Corralled spam is completely formatted and ready for remailing. If any viruses or other obnoxious entities were found within the message, in addition to its being spam, these have already been removed. Spam headers have been inserted as have any descriptive messages. To remail the message for delivery, all that need be done is to invoke sendmail and pass it the message exactly as it is stored.
When spam is remailed, be aware that there is a header in the message (SPAMHDRBYPASS in smfopts.h) that contains a key which will instruct the filter to bypass processing of the message the second time around. This header contains a copy of the message date/time, encrypted using the bypass tag key (SPAMKEY in smfopts.h). For the message to be successfully remailed, without additional processing, this header must be kept intact, the date/time must not be changed from when the message was originally sent and two other criteria must be met. The mailer that remails the spam must be "local" and the name of the remailer must not contain an '@' (i.e. the message must be from the local domain). All remailed spam will be tagged by the filter as "[SPAM]" in the subject line.
The name of the original recipient of a message, from the envelope, is included in the actual name under which the spam is stored in the corral. Remailing should be done with this name, not the to name in the message headers. Note that, if there were multiple recipients on a piece of spam's envelope, one copy of the message is stored without a recipient name. A symbolic link is then made to the stored message for each of the envelope recipients. Thus, any program that processes corralled spam must consider symbolic links as well as files and must disregard files that have no recipeint included in their name. Here are a couple of examples:
To process the above files, send out three pieces of remailed spam, two to "jblow" and one to "jdoe". A single copy of the first message ("spam_to_jblow_3D4C1D90") is sent to "jblow". Multiple copies of the second message ("spam_to__3D4C1F0D") are sent to "jblow" and "jdoe". If you want to figure out when to delete the messages, any message with a recipient name in its file name can be deleted immediately, as can any link. File names with no recipient name in them can only be deleted when no links pointing to them remain.
If you wish to use SpamAssassin as your spam arbitron, to classify messages that are spam, you need to first install the package (either by selecting the version that comes with your OS distro or by downloading and installing the source from: http://spamassassin.apache.org/downloads.cgi). Follow the instructions for installing SpamAssassin, including the spamd daemon. Make sure to install the system startup script in the appropriate place (e.g. /etc/init.d) and put spamd in the automatic start at boot sequence before sendmail (and after sendmail at shutdown). Turn spamd on so that it starts automatically at boot time.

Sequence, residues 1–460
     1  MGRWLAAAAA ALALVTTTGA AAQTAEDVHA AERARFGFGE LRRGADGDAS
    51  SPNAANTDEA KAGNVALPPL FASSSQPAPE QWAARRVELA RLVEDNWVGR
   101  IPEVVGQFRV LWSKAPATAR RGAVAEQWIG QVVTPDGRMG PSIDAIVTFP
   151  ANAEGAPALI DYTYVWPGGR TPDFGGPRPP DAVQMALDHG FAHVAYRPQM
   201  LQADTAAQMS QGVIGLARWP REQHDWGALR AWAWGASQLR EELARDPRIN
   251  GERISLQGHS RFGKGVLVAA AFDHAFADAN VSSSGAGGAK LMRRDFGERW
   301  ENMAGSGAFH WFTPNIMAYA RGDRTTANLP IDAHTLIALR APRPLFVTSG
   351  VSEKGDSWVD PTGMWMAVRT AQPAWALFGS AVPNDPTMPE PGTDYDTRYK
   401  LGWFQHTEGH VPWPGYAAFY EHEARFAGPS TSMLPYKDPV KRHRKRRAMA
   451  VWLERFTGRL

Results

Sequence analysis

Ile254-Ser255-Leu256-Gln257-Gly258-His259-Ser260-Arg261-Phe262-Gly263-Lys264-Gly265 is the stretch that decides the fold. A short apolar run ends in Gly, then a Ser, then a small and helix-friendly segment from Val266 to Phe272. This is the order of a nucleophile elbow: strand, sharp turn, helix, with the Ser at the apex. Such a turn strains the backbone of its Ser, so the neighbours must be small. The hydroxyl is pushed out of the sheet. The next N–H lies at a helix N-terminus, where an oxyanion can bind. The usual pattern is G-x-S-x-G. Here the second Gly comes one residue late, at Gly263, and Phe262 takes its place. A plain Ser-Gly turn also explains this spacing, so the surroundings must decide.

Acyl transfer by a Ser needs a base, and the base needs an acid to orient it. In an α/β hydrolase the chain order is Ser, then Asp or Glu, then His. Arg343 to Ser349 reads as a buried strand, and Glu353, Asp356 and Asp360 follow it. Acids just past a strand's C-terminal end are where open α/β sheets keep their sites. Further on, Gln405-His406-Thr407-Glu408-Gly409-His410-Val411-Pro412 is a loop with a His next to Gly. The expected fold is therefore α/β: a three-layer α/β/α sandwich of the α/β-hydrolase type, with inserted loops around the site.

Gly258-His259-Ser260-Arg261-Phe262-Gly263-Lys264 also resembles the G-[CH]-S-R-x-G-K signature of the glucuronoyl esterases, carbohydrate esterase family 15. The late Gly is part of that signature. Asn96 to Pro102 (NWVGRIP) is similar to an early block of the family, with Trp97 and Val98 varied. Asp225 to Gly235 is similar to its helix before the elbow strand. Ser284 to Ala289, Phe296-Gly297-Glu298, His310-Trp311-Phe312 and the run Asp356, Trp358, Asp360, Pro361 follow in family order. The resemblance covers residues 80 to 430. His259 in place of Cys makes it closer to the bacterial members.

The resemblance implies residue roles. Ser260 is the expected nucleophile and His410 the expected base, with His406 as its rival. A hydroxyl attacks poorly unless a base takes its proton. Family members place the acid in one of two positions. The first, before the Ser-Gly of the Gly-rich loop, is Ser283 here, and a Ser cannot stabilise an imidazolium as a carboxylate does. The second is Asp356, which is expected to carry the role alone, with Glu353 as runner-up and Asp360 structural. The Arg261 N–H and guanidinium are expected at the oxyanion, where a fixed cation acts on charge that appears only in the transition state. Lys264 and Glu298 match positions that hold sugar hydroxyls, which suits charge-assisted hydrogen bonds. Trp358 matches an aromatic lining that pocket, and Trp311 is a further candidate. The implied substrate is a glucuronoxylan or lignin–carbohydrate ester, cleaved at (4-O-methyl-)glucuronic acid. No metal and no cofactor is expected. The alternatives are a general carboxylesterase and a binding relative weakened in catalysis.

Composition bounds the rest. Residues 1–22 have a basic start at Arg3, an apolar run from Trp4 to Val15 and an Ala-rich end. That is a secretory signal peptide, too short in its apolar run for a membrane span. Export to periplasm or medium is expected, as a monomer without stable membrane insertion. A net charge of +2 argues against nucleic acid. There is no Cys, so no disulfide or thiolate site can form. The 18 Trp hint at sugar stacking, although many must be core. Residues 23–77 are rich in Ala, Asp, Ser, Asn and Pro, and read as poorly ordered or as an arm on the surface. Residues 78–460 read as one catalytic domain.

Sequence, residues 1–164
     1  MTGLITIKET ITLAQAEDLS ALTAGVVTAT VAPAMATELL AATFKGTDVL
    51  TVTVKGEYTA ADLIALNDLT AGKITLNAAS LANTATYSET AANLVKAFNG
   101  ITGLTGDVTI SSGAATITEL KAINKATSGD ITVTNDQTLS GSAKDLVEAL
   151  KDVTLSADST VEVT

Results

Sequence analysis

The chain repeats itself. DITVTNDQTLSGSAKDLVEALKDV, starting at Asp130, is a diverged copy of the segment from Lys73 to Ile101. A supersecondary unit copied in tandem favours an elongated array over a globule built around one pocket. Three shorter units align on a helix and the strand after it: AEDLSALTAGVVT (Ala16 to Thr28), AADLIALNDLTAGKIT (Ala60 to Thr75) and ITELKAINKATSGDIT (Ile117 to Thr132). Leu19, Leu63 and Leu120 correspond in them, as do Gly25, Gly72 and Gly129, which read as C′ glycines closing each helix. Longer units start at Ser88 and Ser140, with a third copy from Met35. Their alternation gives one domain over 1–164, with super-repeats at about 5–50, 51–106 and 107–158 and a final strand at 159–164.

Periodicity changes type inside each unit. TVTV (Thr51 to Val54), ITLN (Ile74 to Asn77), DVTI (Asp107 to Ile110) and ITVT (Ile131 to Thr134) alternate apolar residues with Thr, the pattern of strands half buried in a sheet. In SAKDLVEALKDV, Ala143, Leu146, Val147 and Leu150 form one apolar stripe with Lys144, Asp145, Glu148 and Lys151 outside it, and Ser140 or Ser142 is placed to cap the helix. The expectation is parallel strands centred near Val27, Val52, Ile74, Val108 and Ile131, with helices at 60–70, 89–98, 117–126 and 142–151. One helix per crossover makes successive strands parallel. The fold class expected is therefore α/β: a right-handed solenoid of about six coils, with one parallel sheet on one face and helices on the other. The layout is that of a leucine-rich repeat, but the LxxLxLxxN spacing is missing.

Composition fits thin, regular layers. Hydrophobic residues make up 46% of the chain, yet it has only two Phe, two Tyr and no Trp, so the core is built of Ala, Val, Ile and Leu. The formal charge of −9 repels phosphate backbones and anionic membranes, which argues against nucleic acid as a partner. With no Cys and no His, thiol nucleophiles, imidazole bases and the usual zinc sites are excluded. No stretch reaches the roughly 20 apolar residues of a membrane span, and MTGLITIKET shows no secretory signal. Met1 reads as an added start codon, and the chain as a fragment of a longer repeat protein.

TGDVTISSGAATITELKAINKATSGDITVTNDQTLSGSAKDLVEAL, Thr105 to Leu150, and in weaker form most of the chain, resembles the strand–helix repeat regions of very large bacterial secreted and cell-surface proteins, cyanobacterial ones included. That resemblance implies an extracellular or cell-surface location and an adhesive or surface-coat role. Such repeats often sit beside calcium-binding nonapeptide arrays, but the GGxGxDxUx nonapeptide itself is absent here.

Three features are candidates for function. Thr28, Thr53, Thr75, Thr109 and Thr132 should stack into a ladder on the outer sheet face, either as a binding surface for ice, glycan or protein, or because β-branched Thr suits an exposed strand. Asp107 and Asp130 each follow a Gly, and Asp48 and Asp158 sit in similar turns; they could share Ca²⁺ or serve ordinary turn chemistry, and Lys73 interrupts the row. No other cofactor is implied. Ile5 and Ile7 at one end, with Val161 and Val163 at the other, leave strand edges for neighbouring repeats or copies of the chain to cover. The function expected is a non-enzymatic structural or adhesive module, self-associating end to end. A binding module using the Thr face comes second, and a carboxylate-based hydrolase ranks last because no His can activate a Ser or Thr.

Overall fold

The spamd options that you should consider using are:
|-c||Create user preferences files (e.g. in the ~/.spamassassin directory) where auto whitelist and Bayesian statistics will be kept for each, individual user.|
|-d||Daemonize, that is to say run as a daemon, waiting for work (in this case from MailCorral). You must specify this option.|
|-L||Use local tests only. Do not look up addresses, etc. in DNS. This makes spamd be a lot quicker to judge, although it may result in more false negatives.|
|-p||portnum The port number to listen on. By default, spamd listens on port 783. If you'd rather use some other port number, specify it here. The rest of the MailCorral documentation makes mention of port 2527 so you might wish to make use of that number.|
Earlier versions of SpamAssassin required that the "-a" parameter be used with spamd to cause auto whitelisting to be enabled. With the latest versions of SpamAssassin, auto whitelisting is turned on by default, and is either enabled or disabled with the "use_auto_whitelist" option in the configuration file. The "-a" parameter is deprecated and should be removed when running the later versions of SpamAssassin. On the other hand, if you are still using an earlier version, by all means, turn on auto whitelisting with "-a".
A system-wide auto-whitelist can be used, by setting the auto_whitelist_path and auto_whitelist_file_mode configuration commands as you like to define where the whitelists will be stored:
If you wish to use ClamAV as your virus arbitron, to detect messages that contain viruses, ....